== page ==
AUTOSCRUBBER BUYING GUIDE

This guide is meant to help consumers make informed decisions about buying ride on, walk behind, auto scrubbers (also spelled autoscrubbers), floor machines, carpet cleaners, sweepers and other floor cleaning machines. These machines can clean tile, concrete, hardwood, carpet, linoleum  vinyl floor, rubber floor, ceramic tile and virtually all surfaces.  One autoscrubber will take the job of three tools: The mop bucket, floor buffer, and wet vac an autoscrubber does all three jobs in one pass. Keep Clean Products is a great friendly resource for those that are looking for more information in Southern California, but we also want to help others not in the area by providing this guide detailing what to look for in an their floor cleaning machine.  This guide will appear as a 7 part series.

Part I 

Accessibility of parts

1. Recovery and Solution Tanks

  •  How accessible is the recovery tank for cleaning?  If an operator forgets to empty the floor machine and it sits for several days the sediment settles and creates a sludge which can be difficult to remove clean.
    • Ex. Tomcat autoscrubbers have a bathtub like recovery tank which makes it easy to rinse out using a hose or even the optional sprayer jet attachment (see Fig. 2)
    • Tomcat Magnum Autoscrubber

      Fig. 1 Picture of the recovery tank in a Tomcat Machine

  • Can the solution tank be easily emptied to change chemical types, i.e. from stripper to neutral cleaner?
    • Ex. Most autoscrubbers have a clear tube that shows how much solution is in the tank.  The tube can easily be removed to empty the solution tank. Clean your concerete warehouse, empty solution and change the pads to then clean your hardwood floor!
    • Clean Solution Level Indictor

      Ref. 2 Clean solution level indicator / drain on the Tomcat MiniMag

  • Is there a view window in the recovery tank? (See Fig. 1) If foam builds in the recovery tank it will be sucked into the vacuum motor, which dramatically shortens the life of the vac motor ($300+ expense) Some machines have “De-misting Chambers”, which in theory creates separation between the vacuum intake and the recovered solution, however, most have limited effectiveness, foam doesn’t dissipate fast enough as more is created during solution recovery.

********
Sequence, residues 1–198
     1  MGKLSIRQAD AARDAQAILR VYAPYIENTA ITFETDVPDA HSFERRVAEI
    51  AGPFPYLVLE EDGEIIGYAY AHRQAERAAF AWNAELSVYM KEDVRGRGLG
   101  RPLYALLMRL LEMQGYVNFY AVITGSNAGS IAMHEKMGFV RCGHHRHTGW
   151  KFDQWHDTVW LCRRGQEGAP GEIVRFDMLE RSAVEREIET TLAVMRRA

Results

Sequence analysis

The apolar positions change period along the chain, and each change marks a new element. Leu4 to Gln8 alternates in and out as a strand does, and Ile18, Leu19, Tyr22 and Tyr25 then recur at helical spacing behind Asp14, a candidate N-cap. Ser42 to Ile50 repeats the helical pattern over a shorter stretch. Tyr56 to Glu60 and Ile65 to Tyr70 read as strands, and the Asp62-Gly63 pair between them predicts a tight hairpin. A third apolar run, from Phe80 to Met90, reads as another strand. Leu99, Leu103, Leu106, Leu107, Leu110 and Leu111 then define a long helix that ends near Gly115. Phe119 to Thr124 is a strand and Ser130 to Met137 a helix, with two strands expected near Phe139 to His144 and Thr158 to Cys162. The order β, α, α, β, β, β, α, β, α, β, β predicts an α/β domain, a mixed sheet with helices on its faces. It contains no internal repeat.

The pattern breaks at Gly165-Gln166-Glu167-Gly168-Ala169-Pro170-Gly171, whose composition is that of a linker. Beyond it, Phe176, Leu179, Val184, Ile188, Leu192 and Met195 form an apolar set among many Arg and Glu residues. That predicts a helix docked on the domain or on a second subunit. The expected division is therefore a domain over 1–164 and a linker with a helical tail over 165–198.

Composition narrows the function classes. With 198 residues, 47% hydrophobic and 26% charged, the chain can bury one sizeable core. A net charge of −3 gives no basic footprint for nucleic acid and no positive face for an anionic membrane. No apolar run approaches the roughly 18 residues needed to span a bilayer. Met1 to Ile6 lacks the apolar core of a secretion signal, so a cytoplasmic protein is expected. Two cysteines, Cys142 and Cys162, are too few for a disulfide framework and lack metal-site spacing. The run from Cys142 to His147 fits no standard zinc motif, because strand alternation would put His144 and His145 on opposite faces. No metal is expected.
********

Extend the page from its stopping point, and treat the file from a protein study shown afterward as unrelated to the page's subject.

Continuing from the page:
Why does foam occur in autoscrubbers? 
    1.  The wrong cleaner; autoscrubbers require a “low foam” detergent, some cleaners produce high foam, even at low dilution rates.
    2. Too much detergent for the level of soils on the floor.  A view window (Fig. 1) allows the operator to react and either empty the machine or add a defoamer, rather than blindly operating the machine and sucking foam and dirt debris through the vacuum motor to the detriment of its longevity and vacuum power!

2. Working and electrical components accessibility

How accessible are the major working components?  All  floor automatic scrubbing machines will have these parts: Vacuum motor, brush motor(s), clean solution filter (does it have a filter?), batteries, electric switches and components.  The easier these parts are to reach will make them easier to replace if the time ever comes.
  • Ex. Tomcat machines excel in this area. Note in the picture how everything is easily accessible.  This feature can cut your service call expense in half.
  • Exposed working components

    Fig. 3 Exposed working parts on the Tomcat MiniMag

3. Brush and pad holder accessibility 

Brush and pad holder accessibility and changing.  How accessible is the brush/pad driver.  How easy is it to remove and replace.  Some machines have a rubber or plastic shroud which protects the scrub head and contains solution under the brush.  In many cases the shroud is difficult to remove, limiting operator accessibility.  Brushes or pad drivers should be stored in the “Up” position, preventing undue bending of the bristles!  Likewise pads should be inspected frequently to make sure they are in good condition, a worn pad will not protect the pad holder from damage, and may damage the floor. There will be another installment in part VI explaining the difference between disc and cylindrical brush styles.

 

 

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